The benefits of bedsharing


The programme honours the work of Prof’s Helen Ball & James McKenna and looks at how bedsharing can help the mother to deal with nighttime feeds and the benefits and safety issues of sharing a bed with a baby. Visit www.markittelevision.com North American customers should visit www.PlatypusMedia.com

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    25 thoughts on “The benefits of bedsharing

    • lifescholar

      That’s fantastic. Great demonstrations!!

      I couldn’t function if I was getting out of bed all night to feed my infant, even though he was in his crib right next to my bed! Bringing him into bed with me made life so much easier, and I could nurse him in my sleep!

      Now, at 20 months, he sleeps very well, puts himself to sleep, and only wakes once, if at all. If he does, I bring him into bed with me until we wake up. Sometimes, he will sleep the whole night through.

    • DiaMichels

      We’ve always slept with our kids. Most breastfeeding mothers around the world sleep with their babies. When a baby sleeps separate from her mother, she responds to her baby’s needs in minutes; when bedsharing, she responds in seconds, reducing stress on the baby and ensuring less disruption to everyone’s sleep. I love watching how moms respond to their baby’s needs—even when they are asleep!

    • s1sbd

      Its so lovely to sleep snuggled up with your baby and toddler. My little girl is almost 3 and has always slept with us. She’s now asking for her own bed and I’m so happy she’s had the secure start of knowing she’s always welcome close to us.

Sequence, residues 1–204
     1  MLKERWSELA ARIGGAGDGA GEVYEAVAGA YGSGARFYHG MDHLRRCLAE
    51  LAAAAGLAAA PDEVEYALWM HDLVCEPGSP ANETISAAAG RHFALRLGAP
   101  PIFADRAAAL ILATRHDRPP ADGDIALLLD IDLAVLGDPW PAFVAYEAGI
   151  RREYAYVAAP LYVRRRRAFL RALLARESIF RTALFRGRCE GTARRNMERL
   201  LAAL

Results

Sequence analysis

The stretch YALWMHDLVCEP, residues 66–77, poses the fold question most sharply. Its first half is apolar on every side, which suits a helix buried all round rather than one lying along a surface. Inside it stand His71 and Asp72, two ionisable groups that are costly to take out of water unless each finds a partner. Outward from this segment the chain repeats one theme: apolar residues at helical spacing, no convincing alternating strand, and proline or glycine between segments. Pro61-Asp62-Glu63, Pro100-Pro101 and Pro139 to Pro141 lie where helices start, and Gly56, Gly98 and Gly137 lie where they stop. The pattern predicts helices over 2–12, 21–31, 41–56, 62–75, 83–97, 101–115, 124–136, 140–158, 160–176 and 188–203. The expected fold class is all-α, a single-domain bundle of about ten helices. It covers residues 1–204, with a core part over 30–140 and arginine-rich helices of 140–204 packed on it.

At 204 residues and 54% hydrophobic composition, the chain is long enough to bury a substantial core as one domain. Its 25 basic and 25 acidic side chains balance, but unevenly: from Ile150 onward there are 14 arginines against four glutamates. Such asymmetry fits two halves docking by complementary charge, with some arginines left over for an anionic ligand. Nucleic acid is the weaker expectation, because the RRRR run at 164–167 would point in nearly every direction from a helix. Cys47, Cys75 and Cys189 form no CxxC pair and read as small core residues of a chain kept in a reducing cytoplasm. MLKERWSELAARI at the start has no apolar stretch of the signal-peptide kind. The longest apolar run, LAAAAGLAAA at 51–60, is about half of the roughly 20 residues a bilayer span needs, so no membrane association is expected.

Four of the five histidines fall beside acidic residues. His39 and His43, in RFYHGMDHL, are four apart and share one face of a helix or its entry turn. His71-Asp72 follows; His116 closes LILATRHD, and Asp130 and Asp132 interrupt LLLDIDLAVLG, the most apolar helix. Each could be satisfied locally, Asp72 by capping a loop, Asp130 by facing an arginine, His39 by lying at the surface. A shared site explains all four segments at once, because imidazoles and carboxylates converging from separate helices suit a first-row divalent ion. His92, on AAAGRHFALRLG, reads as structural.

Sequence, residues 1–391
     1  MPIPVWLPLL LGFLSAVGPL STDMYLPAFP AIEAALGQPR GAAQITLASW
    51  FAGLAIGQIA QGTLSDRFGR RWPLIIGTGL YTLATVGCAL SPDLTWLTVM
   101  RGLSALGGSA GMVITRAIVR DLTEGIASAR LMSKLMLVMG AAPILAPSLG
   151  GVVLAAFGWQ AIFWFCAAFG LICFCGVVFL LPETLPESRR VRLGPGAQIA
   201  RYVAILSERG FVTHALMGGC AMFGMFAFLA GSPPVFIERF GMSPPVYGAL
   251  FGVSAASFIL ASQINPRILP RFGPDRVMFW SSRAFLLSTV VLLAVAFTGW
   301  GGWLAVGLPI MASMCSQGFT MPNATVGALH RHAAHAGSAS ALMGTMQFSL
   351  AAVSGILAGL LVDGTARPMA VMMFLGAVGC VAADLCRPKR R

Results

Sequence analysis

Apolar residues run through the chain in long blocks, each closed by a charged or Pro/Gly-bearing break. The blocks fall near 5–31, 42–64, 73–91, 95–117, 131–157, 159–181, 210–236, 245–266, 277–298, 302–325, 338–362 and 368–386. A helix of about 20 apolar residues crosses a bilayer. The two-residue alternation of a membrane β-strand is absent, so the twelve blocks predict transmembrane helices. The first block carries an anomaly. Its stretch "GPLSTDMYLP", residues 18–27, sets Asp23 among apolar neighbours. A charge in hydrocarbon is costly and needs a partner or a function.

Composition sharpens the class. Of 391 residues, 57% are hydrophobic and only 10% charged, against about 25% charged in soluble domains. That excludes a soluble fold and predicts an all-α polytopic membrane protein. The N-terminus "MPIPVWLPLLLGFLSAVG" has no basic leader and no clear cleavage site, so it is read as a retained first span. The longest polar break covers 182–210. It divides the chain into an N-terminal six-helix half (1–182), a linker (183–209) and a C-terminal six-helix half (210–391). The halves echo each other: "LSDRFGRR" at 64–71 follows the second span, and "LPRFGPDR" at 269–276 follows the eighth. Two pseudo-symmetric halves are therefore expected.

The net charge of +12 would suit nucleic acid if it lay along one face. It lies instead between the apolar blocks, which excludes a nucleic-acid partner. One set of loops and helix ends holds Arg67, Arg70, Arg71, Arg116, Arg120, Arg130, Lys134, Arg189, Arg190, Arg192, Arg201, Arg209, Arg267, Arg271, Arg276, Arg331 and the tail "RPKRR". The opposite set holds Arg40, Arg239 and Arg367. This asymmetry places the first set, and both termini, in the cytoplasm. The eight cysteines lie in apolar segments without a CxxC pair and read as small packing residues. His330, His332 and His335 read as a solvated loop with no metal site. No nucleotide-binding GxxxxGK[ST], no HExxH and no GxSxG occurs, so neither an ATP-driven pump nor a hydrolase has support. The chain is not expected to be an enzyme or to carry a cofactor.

• Phoenix8500

      This video is great, shame it wasnt longer.
      I co-sleep/sleep share with my daughter, now 8 months.

      She has cried in the night on just 4 occasions in 8 months (due to wind/bad dream etc).
      I know I wake at her first fidgetting, long before she gets to crying.

    • geezlouisestaci

      I would rather cuddle with my baby but I get worried about the SIDs or whatever or rolling over on him.

    • scy2200j

      Cosleeping reduces the risk of SIDS significantly. Research has shown that mothers instinctively wake up when the baby experiences apnea (stops breathing). It is also highly unlikely that you will roll over your baby without knowing. Try sleeping with a raw egg… you’ll find it’s still intact in the morning! That’s because your mind knows it’s there even when you’re asleep. Of course, do not take sleeping pills or get drunk if you plan to cosleep!

    • mamoda

      How come when a baby dies in his/her parents bed it is assumed that if the baby was alone in a crib they would still be alive. But when a baby dies alone in a crib they do not suggest that that baby could be alive had they been safe in there mamma’s bed.

      It is to bad fear mongering is used to keep parents from doing what comes naturally.

    • clearwaterjjs

      I had my babies sleep in bed with me almost right after birth. I always had them up on my arm with there head on my arm pit. I feel every movement and wake up instantly. I breastfeed. Never had any problems with babies sleeping with me.

    • angelfalling14

      More children die from SIDS (cot death, that means dying alone in their crib because of a stop breathing episode) than do in bed with their parents. Yet every time one dies its in the news but every time one dies in a cot the media shrugs and goes “ah yeah, SIDS, can’t stop it”. Co-sleeping dramatically reduces the risk of SIDS. Parents who intentionally co-sleep are normally parents who co-sleep safely.